My car was recently broken into at work. And I didn't collapse. My world didn't fall apart. It was unsettling. I'm sure the hopeful vandal was disappointed when it was discovered that the bags only had some books, but for me, there were some class notes that were very precious. The broken window was a nuisance, but it was easily repaired the next day. This has never happened to me before. Yes, I have experienced some other unfortunate mishaps. Sometimes I have handled them with calm and sometimes they have been "the last straw" which took me over the edge with stress and frustration.

Have you heard the saying - "If Mama ain't happy, ain't nobody happy." This is a universal truth. We parents have a great deal of influence in the family. Our children are looking to us for guidance. We are setting an example in everything we do. So, it is more helpful for everyone when the opposite is true - "When Mama's happy, everyone is content." Finding peace in the midst of our crazy days can be very difficult. It helps to remember -
The kids aren't out to get me.
I really am in control of my life.
I can set realistic goals for how much can be accomplished in an hour, a day.
Each day really is a blessing.

I know. This is easier said then done. Where is Zen Mama when you need her? You know, she's the mother who seems to be able to move into a meditative state during hard times and breathe her way through it. She lets her trust in the infinite goodness of life guide her responses to her children and other things which call for her attention, “Right now!”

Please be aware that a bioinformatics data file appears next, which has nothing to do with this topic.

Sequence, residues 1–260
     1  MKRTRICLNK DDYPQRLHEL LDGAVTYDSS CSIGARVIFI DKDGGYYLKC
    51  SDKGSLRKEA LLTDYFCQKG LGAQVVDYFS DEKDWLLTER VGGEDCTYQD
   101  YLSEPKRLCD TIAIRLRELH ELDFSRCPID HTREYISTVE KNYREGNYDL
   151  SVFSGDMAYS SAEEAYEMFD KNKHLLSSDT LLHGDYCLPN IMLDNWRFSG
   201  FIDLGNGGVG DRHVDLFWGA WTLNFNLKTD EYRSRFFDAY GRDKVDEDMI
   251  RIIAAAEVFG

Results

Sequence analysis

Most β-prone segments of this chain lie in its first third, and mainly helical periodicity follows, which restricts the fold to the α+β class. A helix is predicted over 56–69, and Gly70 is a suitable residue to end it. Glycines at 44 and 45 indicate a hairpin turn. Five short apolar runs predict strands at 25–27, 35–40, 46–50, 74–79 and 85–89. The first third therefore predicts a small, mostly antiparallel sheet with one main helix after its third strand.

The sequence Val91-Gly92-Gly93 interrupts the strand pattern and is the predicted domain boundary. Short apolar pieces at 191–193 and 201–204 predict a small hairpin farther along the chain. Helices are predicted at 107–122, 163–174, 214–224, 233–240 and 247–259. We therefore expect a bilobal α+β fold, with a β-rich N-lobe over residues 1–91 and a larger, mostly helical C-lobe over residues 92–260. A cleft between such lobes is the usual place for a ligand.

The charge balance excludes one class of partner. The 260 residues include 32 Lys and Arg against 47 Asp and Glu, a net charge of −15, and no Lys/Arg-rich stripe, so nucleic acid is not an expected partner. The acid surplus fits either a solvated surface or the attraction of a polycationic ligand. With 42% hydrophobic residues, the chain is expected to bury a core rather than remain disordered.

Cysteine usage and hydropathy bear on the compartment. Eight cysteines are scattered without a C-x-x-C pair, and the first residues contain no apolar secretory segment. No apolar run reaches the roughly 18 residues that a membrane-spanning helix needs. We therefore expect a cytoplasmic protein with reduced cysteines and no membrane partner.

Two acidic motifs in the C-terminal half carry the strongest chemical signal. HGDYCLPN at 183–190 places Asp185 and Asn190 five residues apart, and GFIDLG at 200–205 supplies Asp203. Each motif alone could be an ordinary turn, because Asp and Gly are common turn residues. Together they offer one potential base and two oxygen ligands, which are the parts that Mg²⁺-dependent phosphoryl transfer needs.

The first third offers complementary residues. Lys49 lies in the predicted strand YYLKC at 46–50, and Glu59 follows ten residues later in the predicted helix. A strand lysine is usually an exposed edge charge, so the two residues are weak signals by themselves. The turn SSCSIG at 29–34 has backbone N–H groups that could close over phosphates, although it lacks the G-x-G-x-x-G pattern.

In a conversation with our 20 year old son, I was concerned about a deadline he had and his apparent lack of attention to the seriousness of this. I said, "I would like to be Zen Mama, and breathe my way through this, and let go, and not worry. But, you and I both know that's not bloody likely." He was chuckling by now, knowing full well from his experience with me, the implausible nature of this image. I continued, "I don't want to be in the middle of your life. You and I both know that you're the one who needs to figure this all out. It's your responsibility." Yeah, mom. But, I still couldn't resist putting in a codependent plea. "But, help me out here. Deal with this so I can sleep nights." More chuckles from him.

Well, he did it, took care of business, and just in time, too. So, I could relax - for now. But he and I know, my worrying days aren't over. But I do continue to try to be more mindful. To breathe. To ask myself, “What's really important right now?” To appreciate the moments of peace I find in my busy days.

Where is Zen Mama when I need her? Right here if I am willing to let her in.

Wednesday, July 4, 2007

In their own time

I just returned from visiting family. I was especially pleased to have a chance to visit with my nephews. Despite some tough circumstances during their childhoods, they are becoming fine young men, with strong goals and interests. This is a testament to timing for learning being out of our control. We do the best we can, providing love and guidance for children. We meet their basic needs for nutrition, shelter, health, and education. Children are also influenced by many experiences involving family, friends, school, and the wider community. All of these things work with their inborn potential to mold their unique identity.

I continue to wrestle with the notion of powerlessness. We each only have the power to determine our own reactions and responses to situations. When I remember this, it can feel very freeing. This doesn't mean I stop fretting, but my worries can be cut short when I breathe and remember that life is unfolding in spite of me.

This also doesn't mean that we give up, and back off from our responsibilities. Our loved ones still need our support. What we do let go of is the expectation that what we say or do alone will determine the behaviors of others. Maybe - Maybe not.

Growth and learning happens for each person, within their own timeline. I am grateful for many opportunities to remember this.... and to continue to encourage my own development. I plan to keep learning for a long time! I am grateful for those moments when I finally "get it" - whatever I need to learn, right now.